But Cash later deleted the posts and Police Chief Joe Pero told The Daily News, the McKeesport newspaper, that no one came forward with a complaint, noting Menifee did sustain a laceration on his forehead.

"You ride the emotional highs and lows with things," Cash said. "It (the tweets) did make me more sensitive to the fact that when you speak about things on Twitter, it's not just you you're speaking about.

"But I wanted people to see that athletes are human. We can have bad hair days and different stuff that's going on."

Cash joined "Twitternation" in March because her mobility was restricted following outpatient back surgery. Basically bedridden, she turned to the Internet. Now her 700-plus followers receive tweets about her dinners at Macaroni Grill and needing to have her hair styled.

"Did they burn you with the straightening comb?" was one of the follower's responses.

Megan Hueter is the Washington, D.C.-based co-founder of, which aims to elevate exposure of women's sports.

"If there's a little more focus on everybody's individual story and telling that, we can start to generate more attention," she said. "It's a little different with the guys. They are so well followed. The trick (for women) isn't going to be quantities of numbers. But to get these women doing it themselves, having it be their own voice and be very genuine and transparent. That's where they're going to succeed."

And how do you know if you're following an athlete, it's really that athlete doing the tweeting? Brockman and Cuban joke that their grammar gives them away. Brendan Wilhide of Avon, Conn., doesn't even trust that.

He did find someone impersonating New York Giants quarterback Eli Manning, after all.

Wilhide, a freelance writer, developed a new hobby in February, authenticating sports Twitter accounts on Wilhide previously worked in minor-league baseball public relations, using team PR staffs as a first reference. He also has a contact at Twitter headquarters and doesn't post an account as real on his Google spreadsheet link until it's completely verified.

"It's something I'm doing out of passion for sports and passion for technology," said Wilhide, who has noticed an influx of athletes the past month. "Somebody will see it and say I'm crazy, but it matters to me. If I were a Giants fan, I certainly wouldn't want to be reading these accounts and find out it wasn't Eli Manning."

Nor would you want to zip all over town, reading that free tickets are available only to discover it's a hoax. Don't worry, with O'Neal or Boston forward Paul Pierce, they're real and people receive courtside seats by shouting "Truth" or tapping the big man on his left shoulder in the mall.

"That type of marketing would never be possible without Twitter," Wilhide said. "What it does is give a direct connection between the player and fan."

It also gives NCAA compliance offices a headache.

While Washington coach Steve Sarkisian is tweeting to 2,700-plus followers _ with the help of assistant Jared Blank -- sending updates from practice and photos of Husky Stadium, the program has to be mindful of violating rules. Recruits can follow the coach, but he can't directly chat with them.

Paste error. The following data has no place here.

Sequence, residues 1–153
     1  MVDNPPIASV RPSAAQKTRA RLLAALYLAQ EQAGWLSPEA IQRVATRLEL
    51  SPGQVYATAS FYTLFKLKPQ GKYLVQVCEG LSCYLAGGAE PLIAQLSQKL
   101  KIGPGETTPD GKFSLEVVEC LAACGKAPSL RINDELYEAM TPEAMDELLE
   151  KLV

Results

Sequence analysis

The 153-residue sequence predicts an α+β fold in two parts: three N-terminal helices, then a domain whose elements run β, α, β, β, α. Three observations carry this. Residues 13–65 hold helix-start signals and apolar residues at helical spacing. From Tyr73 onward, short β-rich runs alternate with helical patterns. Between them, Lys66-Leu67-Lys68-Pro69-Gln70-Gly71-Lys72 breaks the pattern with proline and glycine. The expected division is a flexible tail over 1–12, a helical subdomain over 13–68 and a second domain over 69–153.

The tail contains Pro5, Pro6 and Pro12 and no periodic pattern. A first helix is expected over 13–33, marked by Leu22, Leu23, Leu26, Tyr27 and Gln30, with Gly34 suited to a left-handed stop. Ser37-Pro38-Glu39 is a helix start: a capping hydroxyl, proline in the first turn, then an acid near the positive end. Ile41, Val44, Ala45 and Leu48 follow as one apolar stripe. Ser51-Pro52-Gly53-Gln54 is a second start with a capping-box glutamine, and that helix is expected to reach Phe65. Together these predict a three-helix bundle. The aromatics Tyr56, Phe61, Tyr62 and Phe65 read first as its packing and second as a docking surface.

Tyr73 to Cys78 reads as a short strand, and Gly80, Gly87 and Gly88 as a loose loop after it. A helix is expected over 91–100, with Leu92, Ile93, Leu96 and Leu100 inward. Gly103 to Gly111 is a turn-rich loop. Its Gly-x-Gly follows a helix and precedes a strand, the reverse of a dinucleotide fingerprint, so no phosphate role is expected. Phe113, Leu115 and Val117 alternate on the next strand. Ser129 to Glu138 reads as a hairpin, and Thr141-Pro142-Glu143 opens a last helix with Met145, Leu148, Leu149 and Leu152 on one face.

And those independent fan sites that try to lure a prospect to a university? Another no-no.

At Washington State, Steve Robertello, associate AD for NCAA compliance, said he uses message boards to help see what might need to be investigated on Twitter or Facebook. He met with coaches in April to discuss rules of Twitter. The entire Cougars football staff is tweeting.

"It's hard to legislate against technology," Robertello said. "You never know when a new one is going to pop up that's not addressed that we've all got to scramble and figure out how we're going to deal."

So far, though, Twitter is a hit. Even if Sarkisian is a little repetitive with his "Go Dawgs!" tagline.

"I like to get fired up," he said in defense. "It's a lot of the stuff that I feel and if you were there, that's what I'd say to you."

Precisely. So, what are you doing?


More on Twitter


It's hip to be a twit. Don't know what we're talking about? Here's a glossary of Twitter terms that will help you understand and start tweeting like a pro. This was compiled from use. does not offer an official list.

Twitternation: The millions of accounts that comprise

Tweeps: People who tweet.

Followers: Those signed up to receive updates from an account.

Twitname: The username.

@: The symbol before the twitname to contact that account.

Tweet: The 140-character status update.

Tweeting: The act of writing a status update.

RT: Re-tweeting a status update from an account.

#: Symbol that designates tweet is part of larger conversation (i.e. #, #NASCAR).

#FollowFriday: A list of accountants suggested for others to follow made weekly.

TweetDeck: A personal browser to stay in contact with Twitter and Facebook.

Tweetie: An iPhone application to handle Twitter accounts. Web site that condenses links to 25-characters to post on Twitter.

Twitpic: A separate server that provides a link to pictures.

Tweetup: Meet in public.

Dweet: A tweet sent while drunk.

LiveTwitting: Tweeting during a news conference, game, or other live event.


(c) 2009, The Seattle Times.
Visit The Seattle Times Extra on the World Wide Web at
Distributed by McClatchy-Tribune Information Services.